Rob Ford roundup: The mayor's friends, a trip to the CNE and the future of Ward 3

How Toronto's mayor spent his weekend

Toronto Mayor Rob Ford had another busy weekend. He didn’t let a little negative publicity around an unscripted appearance at the Taste of the Danforth the previous weekend stop him from enjoying another one of Toronto’s big outdoor celebrations: The CNE.

Ford kicked off the CNE — for those not from Toronto, a fair with a midway and a lot of deep-fried things — on Friday with a speech. He and his brother, Coun. Doug Ford, also hosted their weekly talk radio program from the exhibition grounds Sunday.

But, Ford’s appearances at the CNE couldn’t be all about rides on the Polar Express and cronut burgers. He was pursued by nosy reporters over the weekend, who asked questions about the latest report from the Toronto Star, which says that two of Ford’s associates — director of logistics David Price and his sometimes-driver Alexander “Sandro” Lisi — are being investigated by police for allegedly trying to track down a video of the mayor smoking crack cocaine. Their efforts to track down the video, the Star reports, came as Ford publicly denied that the video exists. The report goes on to say that Lisi has a fairly long criminal record already, which includes convictions for threatening death, assault and threatening bodily harm. It also says the men went to the home of Fabio and Elena Basso, the one outside which a photo of Ford with three members of a Toronto gang was taken, in order to find the video.

Over the weekend, Ford repeatedly refused to comment on the Star report, saying on Saturday “I’m not commenting on that.” He kept up with the “no comment” comments on Sunday, too.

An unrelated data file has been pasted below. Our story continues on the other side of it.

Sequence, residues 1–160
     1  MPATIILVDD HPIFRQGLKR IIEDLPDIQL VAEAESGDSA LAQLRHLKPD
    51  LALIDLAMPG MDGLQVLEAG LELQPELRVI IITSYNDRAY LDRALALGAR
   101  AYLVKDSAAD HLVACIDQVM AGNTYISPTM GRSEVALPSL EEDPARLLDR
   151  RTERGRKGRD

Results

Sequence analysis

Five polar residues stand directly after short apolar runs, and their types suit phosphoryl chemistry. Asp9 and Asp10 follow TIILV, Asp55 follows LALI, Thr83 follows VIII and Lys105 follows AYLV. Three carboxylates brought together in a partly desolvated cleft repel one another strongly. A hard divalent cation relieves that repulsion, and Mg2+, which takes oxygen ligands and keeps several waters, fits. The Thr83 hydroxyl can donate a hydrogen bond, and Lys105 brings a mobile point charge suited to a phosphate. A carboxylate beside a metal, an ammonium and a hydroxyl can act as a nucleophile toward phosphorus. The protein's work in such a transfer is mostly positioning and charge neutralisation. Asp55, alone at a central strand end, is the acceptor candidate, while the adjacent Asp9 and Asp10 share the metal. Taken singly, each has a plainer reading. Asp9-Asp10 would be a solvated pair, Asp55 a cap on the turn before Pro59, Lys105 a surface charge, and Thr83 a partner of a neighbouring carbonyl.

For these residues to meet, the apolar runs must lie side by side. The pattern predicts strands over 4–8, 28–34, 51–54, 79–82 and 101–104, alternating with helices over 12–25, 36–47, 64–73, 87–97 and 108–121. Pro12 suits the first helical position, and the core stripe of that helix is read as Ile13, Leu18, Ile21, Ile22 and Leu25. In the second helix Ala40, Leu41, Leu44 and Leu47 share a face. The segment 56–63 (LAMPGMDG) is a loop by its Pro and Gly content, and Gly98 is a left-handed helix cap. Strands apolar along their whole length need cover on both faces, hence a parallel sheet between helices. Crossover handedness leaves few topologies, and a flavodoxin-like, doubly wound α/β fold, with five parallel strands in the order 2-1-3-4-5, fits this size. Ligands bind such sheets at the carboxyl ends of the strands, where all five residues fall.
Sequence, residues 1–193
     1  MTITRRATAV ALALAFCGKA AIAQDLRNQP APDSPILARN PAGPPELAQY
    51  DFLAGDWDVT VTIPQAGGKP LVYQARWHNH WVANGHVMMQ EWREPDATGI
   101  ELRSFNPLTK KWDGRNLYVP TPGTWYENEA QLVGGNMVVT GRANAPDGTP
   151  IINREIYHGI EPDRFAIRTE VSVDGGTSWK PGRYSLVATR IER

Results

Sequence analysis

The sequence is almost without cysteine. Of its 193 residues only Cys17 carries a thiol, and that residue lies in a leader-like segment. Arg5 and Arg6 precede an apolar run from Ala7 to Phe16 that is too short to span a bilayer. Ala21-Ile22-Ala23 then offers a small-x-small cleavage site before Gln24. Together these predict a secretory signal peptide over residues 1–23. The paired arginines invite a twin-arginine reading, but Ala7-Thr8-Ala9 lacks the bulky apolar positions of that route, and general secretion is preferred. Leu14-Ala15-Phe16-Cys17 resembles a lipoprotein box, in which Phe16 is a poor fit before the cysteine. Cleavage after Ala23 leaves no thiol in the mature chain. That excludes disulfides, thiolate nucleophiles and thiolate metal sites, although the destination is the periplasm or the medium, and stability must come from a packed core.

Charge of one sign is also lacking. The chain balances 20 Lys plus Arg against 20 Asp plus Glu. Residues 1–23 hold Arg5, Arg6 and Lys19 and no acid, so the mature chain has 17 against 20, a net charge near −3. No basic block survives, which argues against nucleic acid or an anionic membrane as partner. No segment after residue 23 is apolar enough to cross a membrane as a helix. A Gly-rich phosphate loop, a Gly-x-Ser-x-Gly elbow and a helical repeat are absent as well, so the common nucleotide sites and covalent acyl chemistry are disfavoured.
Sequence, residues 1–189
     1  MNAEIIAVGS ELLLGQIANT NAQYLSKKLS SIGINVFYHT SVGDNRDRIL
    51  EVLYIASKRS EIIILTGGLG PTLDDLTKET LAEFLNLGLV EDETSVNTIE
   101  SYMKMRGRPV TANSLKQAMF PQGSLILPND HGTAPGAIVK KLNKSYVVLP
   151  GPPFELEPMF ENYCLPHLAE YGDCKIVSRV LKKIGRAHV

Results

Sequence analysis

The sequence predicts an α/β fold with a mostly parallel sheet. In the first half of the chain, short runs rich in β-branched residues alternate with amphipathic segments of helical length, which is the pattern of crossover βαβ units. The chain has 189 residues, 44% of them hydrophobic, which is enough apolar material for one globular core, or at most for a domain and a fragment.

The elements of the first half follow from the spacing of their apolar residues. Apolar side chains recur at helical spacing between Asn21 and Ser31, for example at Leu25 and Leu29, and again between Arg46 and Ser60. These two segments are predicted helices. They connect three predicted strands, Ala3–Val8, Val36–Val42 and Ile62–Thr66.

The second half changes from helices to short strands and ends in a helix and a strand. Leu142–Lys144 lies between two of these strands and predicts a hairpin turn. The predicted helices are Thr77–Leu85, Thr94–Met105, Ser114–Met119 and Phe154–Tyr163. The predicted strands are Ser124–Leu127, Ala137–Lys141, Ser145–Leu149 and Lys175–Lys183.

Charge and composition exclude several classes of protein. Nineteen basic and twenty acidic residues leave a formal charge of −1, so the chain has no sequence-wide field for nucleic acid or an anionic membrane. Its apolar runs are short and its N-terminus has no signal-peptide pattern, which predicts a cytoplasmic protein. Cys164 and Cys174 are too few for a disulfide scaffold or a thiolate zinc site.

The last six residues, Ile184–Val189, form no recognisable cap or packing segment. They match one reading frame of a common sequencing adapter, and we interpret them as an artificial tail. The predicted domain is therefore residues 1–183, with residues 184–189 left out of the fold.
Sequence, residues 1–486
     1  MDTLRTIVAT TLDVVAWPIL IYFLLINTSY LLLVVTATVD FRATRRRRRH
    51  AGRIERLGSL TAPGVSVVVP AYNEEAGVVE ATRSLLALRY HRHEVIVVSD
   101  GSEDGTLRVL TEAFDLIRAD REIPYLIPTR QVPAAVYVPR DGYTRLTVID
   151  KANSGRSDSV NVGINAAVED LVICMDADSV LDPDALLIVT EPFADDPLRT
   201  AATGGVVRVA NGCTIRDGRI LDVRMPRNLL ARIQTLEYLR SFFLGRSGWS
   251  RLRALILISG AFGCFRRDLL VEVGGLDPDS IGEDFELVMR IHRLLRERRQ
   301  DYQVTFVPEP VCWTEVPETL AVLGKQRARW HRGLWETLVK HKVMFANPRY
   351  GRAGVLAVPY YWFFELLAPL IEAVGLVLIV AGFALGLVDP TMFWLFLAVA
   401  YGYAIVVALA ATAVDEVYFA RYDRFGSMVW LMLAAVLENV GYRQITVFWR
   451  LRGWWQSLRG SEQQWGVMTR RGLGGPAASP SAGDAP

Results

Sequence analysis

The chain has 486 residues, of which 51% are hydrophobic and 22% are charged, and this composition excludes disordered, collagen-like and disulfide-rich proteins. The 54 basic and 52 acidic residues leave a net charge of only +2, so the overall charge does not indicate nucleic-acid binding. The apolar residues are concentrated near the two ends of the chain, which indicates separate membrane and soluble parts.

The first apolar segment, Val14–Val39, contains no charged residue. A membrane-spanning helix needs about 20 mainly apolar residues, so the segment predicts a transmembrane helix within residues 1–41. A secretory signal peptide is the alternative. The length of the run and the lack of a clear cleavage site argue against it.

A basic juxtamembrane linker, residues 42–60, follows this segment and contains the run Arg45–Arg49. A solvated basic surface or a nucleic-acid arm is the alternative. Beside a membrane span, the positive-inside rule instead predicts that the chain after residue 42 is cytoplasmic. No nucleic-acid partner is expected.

Alas, the weekend must come to an end. It can’t be all fun, games and talking with citizens at the CNE for Ford.


The mayor has one big item on the agenda now that it’s Monday. Ford has called council back early for a special meeting on Aug. 26 to discuss what to do about Ward 3. The outgoing councillor for that ward, deputy mayor Doug Holyday, won a provincial byelection for the Progressive Conservatives on Aug. 1 and will be sworn in as an MPP on Aug. 22, leaving his municipal seat empty. Holyday’s jump to provincial politics leaves Ford without one of his most loyal allies, a smart fiscal conservative who was often sent before journalists to explain Ford’s behaviour when Ford himself was slipping in through the back door.

It also leaves the ward short a councillor. Ford is in favour of a byelection, which would cost taxpayers as much as $225,000. However, other councillors — including Holyday — think council should appoint someone to serve in the interim until the next scheduled municipal election in 2014. Ford is also holding a meeting with constituents in Ward 3 to ask them what they want on Aug. 21. It’s a meeting where the official topic is the next councillor in Ward 3, but where those nosy reporters will undoubtedly asked the mayor a few more questions worthy of the “no comment” response.